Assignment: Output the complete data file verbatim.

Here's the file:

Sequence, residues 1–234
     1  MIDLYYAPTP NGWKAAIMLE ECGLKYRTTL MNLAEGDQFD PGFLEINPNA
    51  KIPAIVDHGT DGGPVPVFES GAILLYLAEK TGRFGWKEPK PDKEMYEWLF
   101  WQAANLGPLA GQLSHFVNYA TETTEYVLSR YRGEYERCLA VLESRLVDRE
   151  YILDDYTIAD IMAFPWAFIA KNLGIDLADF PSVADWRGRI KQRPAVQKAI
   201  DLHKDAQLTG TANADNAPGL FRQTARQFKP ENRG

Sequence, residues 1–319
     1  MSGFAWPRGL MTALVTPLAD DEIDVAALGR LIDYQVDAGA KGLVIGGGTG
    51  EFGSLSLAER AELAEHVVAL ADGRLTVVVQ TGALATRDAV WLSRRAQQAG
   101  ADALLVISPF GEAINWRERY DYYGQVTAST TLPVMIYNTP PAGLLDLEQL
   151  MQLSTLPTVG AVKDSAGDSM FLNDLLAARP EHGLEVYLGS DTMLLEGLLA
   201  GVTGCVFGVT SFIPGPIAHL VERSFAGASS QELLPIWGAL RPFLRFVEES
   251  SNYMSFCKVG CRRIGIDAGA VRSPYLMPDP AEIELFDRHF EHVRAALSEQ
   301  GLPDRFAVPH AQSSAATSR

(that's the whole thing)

Sequence, residues 1–234
     1  MIDLYYAPTP NGWKAAIMLE ECGLKYRTTL MNLAEGDQFD PGFLEINPNA
    51  KIPAIVDHGT DGGPVPVFES GAILLYLAEK TGRFGWKEPK PDKEMYEWLF
   101  WQAANLGPLA GQLSHFVNYA TETTEYVLSR YRGEYERCLA VLESRLVDRE
   151  YILDDYTIAD IMAFPWAFIA KNLGIDLADF PSVADWRGRI KQRPAVQKAI
   201  DLHKDAQLTG TANADNAPGL FRQTARQFKP ENRG

Sequence, residues 1–319
     1  MSGFAWPRGL MTALVTPLAD DEIDVAALGR LIDYQVDAGA KGLVIGGGTG
    51  EFGSLSLAER AELAEHVVAL ADGRLTVVVQ TGALATRDAV WLSRRAQQAG
   101  ADALLVISPF GEAINWRERY DYYGQVTAST TLPVMIYNTP PAGLLDLEQL
   151  MQLSTLPTVG AVKDSAGDSM FLNDLLAARP EHGLEVYLGS DTMLLEGLLA
   201  GVTGCVFGVT SFIPGPIAHL VERSFAGASS QELLPIWGAL RPFLRFVEES
   251  SNYMSFCKVG CRRIGIDAGA VRSPYLMPDP AEIELFDRHF EHVRAALSEQ
   301  GLPDRFAVPH AQSSAATSR